I remember a time where an individual who NPC'd for us always took way too much damage. Instead of letting it get out of hand, we talked to him and found out he normally forgot how much body the monster had. From then on, we always had a plot or staff person (whoever was available) ask them how much body they had right before battle. At first, he'd always have to look it up. But then, over the course of a weekend, he started answering the question without looking at his card. A little involvement from plot and staff helped this player get better at the game, rather than letting it remain out of control.

Finally, NPCs follow your attitude. If you're a dick, NPCs will be dicks. If you're positive about the game ("We really gave them a challenge that fight!"), then they will be positive. Next time you're going to act like a dick because you're in a position of power, just remember that you're in charge... of a LARP.

NPCing should be fun. If you're plot and staff, it is your job to make the game fun for the NPCs as well as the PCs. Give each one of your NPCs at least one role that stretches the abilities of your NPCs, and work with them to make the game fun. Get NPCs the old fashioned way. Ask them to NPC with you, let them know you have a lot of fun, write a role specifically for them, and offer to teach them the game.

On the other hand, don't treat them like minions or trash. Don't get pissed off at PCs and don't act like a dick. If you do that, I assure you that your NPCs aren't there for the good of the game. They're there to do the bare minimum they need to do in order to get a magic sword.


  1. Overly competitive NPCs can single-handedly ruin events for people. If you think one of your NPCs might fall into this category, give them a role with an intelligence of "mindless" or "animal," and see how they fight. Especially with the mindless creatures, if they're juking backward, leading people off into the woods, and using other advanced tactics - they're there to compete with players and defeat them, rather than to play roles and have fun. When I see this as an encounter head or marshal, I usually try to gently remind them to actually play the role, not just the stats, by saying things like, "Don't retreat - you're mindless, you know no fear! Only move forward!" If that still doesn't work, you'll have to take them aside at some point.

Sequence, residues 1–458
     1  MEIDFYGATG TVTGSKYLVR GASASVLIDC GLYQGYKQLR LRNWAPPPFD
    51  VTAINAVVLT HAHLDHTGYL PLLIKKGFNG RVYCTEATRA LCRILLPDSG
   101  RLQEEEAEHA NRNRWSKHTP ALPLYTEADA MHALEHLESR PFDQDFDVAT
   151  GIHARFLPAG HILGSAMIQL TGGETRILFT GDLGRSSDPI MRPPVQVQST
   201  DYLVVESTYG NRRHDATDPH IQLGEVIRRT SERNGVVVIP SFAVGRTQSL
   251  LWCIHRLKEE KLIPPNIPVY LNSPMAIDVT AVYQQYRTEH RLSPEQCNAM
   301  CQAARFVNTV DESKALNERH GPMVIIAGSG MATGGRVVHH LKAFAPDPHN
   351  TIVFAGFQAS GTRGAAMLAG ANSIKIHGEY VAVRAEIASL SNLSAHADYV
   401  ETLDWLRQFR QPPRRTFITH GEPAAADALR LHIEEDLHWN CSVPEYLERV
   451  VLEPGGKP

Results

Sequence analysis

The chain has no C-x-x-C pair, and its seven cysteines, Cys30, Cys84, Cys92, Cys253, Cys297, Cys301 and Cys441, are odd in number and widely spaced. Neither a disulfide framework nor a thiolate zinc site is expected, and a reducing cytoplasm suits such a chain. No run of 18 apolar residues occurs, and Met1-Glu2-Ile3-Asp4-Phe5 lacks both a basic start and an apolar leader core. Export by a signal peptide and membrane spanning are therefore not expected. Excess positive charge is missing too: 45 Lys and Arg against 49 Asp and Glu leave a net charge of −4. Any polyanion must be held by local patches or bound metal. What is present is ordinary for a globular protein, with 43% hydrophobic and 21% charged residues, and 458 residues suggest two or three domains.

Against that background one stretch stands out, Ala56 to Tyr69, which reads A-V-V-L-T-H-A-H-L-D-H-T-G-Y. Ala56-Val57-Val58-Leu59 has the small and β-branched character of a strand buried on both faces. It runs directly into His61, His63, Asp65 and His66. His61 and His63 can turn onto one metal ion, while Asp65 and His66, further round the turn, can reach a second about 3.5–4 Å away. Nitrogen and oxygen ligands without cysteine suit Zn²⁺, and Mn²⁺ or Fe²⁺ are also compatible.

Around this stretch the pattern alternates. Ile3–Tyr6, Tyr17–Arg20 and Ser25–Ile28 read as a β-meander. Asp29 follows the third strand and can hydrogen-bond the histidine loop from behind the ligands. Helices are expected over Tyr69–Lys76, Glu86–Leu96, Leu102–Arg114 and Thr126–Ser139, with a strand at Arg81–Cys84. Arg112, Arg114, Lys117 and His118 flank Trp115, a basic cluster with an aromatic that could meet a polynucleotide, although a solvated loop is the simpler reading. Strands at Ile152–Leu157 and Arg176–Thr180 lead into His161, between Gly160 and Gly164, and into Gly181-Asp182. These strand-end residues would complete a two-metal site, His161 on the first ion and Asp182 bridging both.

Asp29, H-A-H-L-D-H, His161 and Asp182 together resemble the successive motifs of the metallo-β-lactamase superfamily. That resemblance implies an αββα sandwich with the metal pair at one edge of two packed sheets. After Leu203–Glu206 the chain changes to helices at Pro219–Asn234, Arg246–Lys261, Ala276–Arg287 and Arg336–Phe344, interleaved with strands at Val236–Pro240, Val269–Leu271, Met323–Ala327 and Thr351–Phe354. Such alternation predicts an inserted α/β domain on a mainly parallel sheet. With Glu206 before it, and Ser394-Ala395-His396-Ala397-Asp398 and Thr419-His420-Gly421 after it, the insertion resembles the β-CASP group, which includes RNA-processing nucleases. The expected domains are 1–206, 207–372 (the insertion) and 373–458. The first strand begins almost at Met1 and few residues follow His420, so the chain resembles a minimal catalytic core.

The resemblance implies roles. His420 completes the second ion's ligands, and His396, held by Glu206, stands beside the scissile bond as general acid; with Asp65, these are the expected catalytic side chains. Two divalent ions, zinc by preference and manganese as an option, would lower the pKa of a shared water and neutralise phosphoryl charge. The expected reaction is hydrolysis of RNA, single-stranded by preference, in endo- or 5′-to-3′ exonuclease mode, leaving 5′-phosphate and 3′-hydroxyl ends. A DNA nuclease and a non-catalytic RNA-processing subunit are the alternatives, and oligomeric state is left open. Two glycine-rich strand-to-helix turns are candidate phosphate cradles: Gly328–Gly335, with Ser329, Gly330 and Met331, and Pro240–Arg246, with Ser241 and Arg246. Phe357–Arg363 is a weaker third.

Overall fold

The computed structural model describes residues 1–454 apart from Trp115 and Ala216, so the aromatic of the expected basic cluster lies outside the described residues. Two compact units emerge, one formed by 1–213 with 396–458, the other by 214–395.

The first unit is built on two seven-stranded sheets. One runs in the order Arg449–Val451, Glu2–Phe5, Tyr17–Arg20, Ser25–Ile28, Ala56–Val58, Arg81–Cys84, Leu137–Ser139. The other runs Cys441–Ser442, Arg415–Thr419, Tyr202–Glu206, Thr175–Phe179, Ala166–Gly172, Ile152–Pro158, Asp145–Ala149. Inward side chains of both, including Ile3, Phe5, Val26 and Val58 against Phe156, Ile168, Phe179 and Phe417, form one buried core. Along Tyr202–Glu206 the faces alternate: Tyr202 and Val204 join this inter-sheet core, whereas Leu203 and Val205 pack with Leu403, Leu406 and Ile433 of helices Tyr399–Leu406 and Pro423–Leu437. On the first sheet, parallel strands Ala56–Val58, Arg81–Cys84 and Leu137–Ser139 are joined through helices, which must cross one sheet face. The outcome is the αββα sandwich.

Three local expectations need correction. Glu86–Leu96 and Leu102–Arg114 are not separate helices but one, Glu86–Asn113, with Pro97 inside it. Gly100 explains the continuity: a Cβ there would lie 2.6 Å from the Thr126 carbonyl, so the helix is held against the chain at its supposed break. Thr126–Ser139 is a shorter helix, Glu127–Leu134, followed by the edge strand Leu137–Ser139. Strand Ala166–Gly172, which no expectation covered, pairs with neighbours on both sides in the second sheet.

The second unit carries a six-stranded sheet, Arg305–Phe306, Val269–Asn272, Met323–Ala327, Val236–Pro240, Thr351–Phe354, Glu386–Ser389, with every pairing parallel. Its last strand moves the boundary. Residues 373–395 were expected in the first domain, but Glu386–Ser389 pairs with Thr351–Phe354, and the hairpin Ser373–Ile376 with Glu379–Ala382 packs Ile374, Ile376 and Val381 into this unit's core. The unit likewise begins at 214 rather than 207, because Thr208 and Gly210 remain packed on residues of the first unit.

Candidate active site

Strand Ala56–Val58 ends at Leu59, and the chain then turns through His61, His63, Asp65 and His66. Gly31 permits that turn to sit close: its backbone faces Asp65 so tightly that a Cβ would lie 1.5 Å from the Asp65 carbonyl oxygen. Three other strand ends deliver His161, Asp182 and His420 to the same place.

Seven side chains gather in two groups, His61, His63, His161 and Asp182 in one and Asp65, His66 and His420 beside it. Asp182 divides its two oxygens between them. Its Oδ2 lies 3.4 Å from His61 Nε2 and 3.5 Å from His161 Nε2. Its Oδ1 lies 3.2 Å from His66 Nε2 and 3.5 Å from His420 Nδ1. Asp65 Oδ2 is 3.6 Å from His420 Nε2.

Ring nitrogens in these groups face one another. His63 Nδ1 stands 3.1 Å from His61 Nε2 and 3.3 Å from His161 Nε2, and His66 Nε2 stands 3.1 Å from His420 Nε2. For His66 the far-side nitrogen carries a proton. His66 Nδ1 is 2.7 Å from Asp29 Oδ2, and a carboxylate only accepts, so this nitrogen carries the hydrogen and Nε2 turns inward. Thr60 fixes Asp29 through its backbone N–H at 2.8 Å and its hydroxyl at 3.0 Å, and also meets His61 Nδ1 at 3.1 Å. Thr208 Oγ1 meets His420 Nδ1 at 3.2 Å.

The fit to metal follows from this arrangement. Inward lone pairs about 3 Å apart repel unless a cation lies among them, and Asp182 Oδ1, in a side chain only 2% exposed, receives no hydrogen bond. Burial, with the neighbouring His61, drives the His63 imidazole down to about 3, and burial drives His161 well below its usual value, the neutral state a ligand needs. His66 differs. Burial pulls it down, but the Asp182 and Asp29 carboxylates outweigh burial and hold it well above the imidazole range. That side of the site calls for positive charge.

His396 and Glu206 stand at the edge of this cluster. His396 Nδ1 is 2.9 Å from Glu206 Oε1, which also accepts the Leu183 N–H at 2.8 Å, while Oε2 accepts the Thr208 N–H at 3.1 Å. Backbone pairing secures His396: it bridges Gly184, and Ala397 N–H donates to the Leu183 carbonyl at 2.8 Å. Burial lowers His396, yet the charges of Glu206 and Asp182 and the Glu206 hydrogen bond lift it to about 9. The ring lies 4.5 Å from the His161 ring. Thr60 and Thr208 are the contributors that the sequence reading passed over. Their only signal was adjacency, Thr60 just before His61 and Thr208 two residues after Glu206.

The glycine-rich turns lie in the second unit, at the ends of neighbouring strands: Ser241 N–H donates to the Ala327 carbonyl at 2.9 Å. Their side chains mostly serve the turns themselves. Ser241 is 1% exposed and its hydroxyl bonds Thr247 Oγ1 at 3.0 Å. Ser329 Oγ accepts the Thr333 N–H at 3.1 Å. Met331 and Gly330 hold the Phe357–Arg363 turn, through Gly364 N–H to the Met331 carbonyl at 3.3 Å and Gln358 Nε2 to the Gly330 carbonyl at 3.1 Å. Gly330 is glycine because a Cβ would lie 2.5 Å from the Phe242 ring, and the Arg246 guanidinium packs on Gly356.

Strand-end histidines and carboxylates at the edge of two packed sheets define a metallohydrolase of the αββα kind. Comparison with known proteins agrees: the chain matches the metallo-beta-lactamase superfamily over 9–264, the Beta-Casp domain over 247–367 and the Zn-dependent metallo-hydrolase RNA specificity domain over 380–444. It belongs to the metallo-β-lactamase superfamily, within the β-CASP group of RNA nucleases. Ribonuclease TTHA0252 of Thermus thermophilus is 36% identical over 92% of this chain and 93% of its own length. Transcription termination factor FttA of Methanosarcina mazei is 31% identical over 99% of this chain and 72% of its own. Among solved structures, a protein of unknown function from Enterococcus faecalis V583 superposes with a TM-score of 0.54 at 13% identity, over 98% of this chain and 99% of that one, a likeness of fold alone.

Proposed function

I also usually find it helpful to have a brief talk with any NPC I assign to a creature that has a low Damage Cap or very high amount of body points. This is to avoid turning the monster into a "timer," where the NPC just keeps fighting until he decides the fight was epic enough and then dies, rather than making any effort at actually counting his body total down. The biggest perpetrator of this is the Skeletal Champion, who only has 60 base body points but has Damage Cap 1. Any time I send out one of these or a creature like it, I always make sure to explain to the NPC during his briefing, "Look, you can take 60 hits. That doesn't mean you can take 100 hits, or 2 minutes' worth of its. You can take *exactly* 60."

    The "timer" NPC is often also a "wade in" NPC. I've found that the best answer to a "wader" though, is on the PC end. Solidly plant your feet, set your shield against your shoulder or your 2-handed weapon into a hockey cross-check position, and just let them wade forward into you. Then (calmly and politely) call them on charging. Remember, the only way to move PAST someone is to use game mechanics to drop them or move them (such as Repel, Fear, Shun.) You can't shoulder around them or physically move them out of the way AT ALL. If your opponents are standing shoulder-to-shoulder (or even just within 1 armspan of each other) then you CAN NOT move through them into their formation, no matter how huge and badass the NPC creature you're playing is, no matter what.

  2. I find wading common after disarms as well. People immediately think that just because I don't have a sword in my hand that it's ok to dive through my legs to get to my weapon.

    That's why my shield is nice and soft #2 foam. It doesn't hurt the noggin'.